Cough: acute and chronic

Cough: acute and chronic

Pulmonary Pharmacology & Therapeutics 17 (2004) 327 www.elsevier.com/locate/ypupt Editorial Cough: acute and chronic The Third International Symposi...

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Pulmonary Pharmacology & Therapeutics 17 (2004) 327 www.elsevier.com/locate/ypupt

Editorial

Cough: acute and chronic The Third International Symposium on Cough was held at the National Heart and Lung Institute, Imperial College School of Medicine, London, on 24–26 June 2004. It built on the success of the two previous symposia and, although the title was slightly different, dealt with much the same themes. It brought together an international group of clinicians, clinical scientists, pharmacologists, physiologists and other scientists from industry and academia. We wished to update our knowledge of the basic physiological and pharmacological mechanisms of cough, to identify the main advances and problems in understanding cough in the clinic and in community practice, and as far as possible to relate the two to each other. To judge by the numbers attending, the excellence of the talks, the popularity of the posters, and the vigour of the discussions, the Symposium was a success. The sessions on basic physiology and pharmacology of cough established the important progress being made in this field, in particular demonstrating the mechanisms of hypersensitivity of cough seen in many airway and lung diseases, and the underlying remodelling of the airway structures related to these changes. Basic scientists are revealing a complex mechanism for cough, involving many afferent pathways, brainstem interactions and cerebral cortical influences. It seems certain that when these basic science developments filter through to the clinic, we will have a more complete understanding of cough in patients and its treatment. On the clinical side, there were lively discussions about what happens, or may not happen, to cough in postnasal drip, gastro-oesophageal reflux and chronic obstructive pulmonary disease. But a mystery remains: in many or most airways’ diseases the cough reflex is sensitized. What is the advantage if any of this sensitization, or is it just an irritation for the patient? As far as possible the gist of these discussions has been summarized in this Special Issue of Pulmonary Pharmacology & Therapeutics. The advances in clinical and basic research have led to great and varied efforts to develop new therapeutic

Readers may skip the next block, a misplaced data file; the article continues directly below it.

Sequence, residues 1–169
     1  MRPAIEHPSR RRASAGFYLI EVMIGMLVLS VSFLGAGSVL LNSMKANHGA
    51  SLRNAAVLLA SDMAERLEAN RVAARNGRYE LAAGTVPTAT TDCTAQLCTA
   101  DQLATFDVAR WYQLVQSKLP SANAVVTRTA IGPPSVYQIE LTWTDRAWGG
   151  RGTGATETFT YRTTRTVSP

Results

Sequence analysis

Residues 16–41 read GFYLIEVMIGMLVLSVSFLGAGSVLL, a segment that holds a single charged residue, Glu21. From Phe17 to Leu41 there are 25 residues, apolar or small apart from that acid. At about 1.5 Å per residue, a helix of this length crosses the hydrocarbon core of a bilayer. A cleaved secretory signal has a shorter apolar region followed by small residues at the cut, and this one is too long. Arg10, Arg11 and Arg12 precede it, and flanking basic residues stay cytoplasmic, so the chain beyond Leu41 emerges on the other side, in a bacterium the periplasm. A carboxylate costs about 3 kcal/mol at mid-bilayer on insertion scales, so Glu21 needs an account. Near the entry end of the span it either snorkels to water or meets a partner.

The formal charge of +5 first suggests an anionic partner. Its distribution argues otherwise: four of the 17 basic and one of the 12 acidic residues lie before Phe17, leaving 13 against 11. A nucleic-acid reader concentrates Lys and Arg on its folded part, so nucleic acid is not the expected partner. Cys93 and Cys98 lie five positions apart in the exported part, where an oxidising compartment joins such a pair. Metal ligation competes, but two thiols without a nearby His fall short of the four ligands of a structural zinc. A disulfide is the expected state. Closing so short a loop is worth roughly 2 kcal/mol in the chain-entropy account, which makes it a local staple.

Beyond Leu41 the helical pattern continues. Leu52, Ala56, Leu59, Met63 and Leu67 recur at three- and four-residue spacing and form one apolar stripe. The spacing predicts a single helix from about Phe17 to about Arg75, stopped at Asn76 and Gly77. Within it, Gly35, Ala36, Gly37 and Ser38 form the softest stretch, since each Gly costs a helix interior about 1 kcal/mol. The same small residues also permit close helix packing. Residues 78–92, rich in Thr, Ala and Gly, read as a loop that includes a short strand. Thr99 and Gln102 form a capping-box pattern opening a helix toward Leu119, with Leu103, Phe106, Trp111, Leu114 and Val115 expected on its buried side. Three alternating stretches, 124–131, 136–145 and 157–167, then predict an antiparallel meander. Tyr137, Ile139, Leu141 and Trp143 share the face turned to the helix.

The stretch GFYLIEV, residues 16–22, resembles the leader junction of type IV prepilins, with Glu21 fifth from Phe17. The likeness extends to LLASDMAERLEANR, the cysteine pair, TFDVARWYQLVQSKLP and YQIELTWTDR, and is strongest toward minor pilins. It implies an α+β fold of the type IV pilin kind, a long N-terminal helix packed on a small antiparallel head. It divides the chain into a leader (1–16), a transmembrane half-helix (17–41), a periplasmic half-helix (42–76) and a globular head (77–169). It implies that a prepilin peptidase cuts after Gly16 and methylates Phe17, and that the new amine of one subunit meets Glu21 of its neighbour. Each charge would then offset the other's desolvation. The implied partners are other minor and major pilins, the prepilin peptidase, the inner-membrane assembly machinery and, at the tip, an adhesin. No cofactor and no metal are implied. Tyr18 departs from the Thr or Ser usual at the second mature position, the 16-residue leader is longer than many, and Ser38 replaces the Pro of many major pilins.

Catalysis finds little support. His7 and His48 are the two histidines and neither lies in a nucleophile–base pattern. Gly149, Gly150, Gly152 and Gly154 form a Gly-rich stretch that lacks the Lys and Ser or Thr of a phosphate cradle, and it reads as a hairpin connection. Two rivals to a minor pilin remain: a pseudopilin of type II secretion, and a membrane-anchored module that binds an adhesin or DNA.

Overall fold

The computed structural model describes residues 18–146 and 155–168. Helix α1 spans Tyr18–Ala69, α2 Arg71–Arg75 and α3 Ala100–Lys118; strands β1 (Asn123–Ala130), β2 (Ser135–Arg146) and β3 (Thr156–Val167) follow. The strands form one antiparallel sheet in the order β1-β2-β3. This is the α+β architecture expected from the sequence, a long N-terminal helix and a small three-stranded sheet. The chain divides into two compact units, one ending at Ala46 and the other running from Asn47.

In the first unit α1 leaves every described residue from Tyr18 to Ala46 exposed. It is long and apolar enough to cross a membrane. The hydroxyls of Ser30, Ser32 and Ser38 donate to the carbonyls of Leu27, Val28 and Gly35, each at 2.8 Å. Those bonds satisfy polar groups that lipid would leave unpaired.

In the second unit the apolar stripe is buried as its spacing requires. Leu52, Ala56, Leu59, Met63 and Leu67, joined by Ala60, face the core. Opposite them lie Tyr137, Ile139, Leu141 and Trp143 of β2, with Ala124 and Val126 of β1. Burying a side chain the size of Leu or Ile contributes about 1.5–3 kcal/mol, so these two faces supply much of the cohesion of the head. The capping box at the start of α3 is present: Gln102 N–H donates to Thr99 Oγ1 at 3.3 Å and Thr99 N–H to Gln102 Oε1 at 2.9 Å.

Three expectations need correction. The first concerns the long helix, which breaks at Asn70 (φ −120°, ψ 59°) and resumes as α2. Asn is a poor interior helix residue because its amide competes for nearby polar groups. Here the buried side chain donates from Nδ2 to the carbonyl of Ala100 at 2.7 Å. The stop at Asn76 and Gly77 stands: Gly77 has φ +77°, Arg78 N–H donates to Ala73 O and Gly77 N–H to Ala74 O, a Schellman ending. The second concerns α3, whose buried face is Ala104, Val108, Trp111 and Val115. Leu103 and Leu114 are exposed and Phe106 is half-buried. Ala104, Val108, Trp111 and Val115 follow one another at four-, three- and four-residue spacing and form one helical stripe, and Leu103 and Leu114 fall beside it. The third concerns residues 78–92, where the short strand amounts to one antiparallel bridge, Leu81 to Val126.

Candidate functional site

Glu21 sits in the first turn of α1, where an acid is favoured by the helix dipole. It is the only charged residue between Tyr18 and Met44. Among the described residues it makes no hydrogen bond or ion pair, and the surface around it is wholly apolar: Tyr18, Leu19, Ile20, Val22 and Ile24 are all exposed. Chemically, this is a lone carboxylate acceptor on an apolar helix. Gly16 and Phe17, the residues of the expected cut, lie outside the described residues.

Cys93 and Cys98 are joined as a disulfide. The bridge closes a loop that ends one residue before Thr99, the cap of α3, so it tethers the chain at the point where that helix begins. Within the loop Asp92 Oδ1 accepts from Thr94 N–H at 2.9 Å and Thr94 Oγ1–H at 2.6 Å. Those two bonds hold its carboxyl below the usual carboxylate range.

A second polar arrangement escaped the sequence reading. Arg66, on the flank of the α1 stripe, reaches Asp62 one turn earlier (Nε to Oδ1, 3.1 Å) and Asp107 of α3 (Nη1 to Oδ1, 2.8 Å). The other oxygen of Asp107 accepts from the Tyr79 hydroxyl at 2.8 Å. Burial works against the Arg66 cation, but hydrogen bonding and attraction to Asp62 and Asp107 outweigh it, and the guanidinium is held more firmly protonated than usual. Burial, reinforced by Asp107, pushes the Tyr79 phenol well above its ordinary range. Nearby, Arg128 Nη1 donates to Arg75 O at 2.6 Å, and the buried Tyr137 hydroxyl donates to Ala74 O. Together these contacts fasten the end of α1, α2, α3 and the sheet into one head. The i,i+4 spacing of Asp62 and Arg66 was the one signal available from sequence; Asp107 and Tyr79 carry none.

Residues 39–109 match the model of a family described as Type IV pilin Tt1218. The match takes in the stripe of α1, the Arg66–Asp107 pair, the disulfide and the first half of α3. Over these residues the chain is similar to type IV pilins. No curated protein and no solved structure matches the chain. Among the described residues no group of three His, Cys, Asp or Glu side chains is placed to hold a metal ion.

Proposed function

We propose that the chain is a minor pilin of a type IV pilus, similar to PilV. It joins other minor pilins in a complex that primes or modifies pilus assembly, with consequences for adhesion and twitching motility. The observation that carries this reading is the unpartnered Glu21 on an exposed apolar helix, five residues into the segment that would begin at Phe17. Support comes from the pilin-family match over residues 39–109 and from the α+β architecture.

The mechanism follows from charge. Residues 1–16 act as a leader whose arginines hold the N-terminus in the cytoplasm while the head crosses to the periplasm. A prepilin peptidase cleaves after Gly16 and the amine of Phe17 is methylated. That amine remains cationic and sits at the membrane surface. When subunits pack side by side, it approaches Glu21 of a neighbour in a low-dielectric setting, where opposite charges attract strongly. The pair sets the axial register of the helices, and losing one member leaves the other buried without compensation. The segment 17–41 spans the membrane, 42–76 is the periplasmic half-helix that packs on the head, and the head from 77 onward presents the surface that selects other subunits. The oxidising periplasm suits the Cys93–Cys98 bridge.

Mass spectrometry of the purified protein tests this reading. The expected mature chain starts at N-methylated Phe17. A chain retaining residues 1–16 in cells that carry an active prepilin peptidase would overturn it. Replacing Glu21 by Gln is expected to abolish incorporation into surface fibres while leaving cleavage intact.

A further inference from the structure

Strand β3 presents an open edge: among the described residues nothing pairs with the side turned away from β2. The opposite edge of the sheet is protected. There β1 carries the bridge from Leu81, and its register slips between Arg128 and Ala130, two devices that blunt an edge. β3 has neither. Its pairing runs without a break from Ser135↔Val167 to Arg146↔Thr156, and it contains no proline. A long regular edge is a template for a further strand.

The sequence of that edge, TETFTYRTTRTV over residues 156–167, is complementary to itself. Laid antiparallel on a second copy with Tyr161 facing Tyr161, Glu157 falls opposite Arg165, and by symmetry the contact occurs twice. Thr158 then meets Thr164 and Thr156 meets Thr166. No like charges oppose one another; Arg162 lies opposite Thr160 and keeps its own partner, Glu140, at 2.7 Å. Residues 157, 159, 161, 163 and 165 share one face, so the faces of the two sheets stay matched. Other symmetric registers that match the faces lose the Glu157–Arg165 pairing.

approaches to cough; although most of these advances are still on the computer screen, some will almost certainly end up in the pharmacy. We are therefore still looking for more effective antitussives. For the first time ‘Thematic Discussions’ were introduced. The first was on ‘Idiopathic Cough’, since published literature suggests that this condition is either virtually nonexistent or extremely common. The issue may not have been resolved at the Symposium, but the discussions were hectic and informative. There was also a Thematic Discussion on ‘Downregulation of Cough’; nearly all publications stress the hypersensitivity of cough in airways’ diseases but, as well as with the use of antitussives, there is a growing list of conditions where cough is weakened or absent, and consideration of these conditions should give insights into mechanisms of cough and its therapy. The administration of the Symposium was very efficiently conducted by the Events Office of the National Heart and Lung Institute, and we especially thank Catherine Walker for her help. The meeting was generously supported by AstraZeneca and GlaxoSmithKline, with welcome contributions also from Novartis and UCB. We are very grateful to Tim Higenbottam (AstraZeneca) for his encouragement and advice, and to Clive Page (King’s) and Netty Vreugdenhil (Elsevier) of the journal Pulmonary Pharmacology & Therapeutics for agreeing to publish the proceedings as a Special Issue. Kian Fan Chunga,*, John Widdicombeb Department of Thoracic Medicine, Imperial College School of Medicine, National Heart and Lung Institute, Dovehouse Street, London SW3 6LY, UK b 116 Pepys Road, London SW20 8NY, UK E-mail addresses: [email protected]; [email protected] a

Received 8 September 2004

*Corresponding author. Fax: C44 207 351 81 26. 1094-5539/$ - see front matter q 2004 Elsevier Ltd. All rights reserved. doi:10.1016/j.pupt.2004.09.024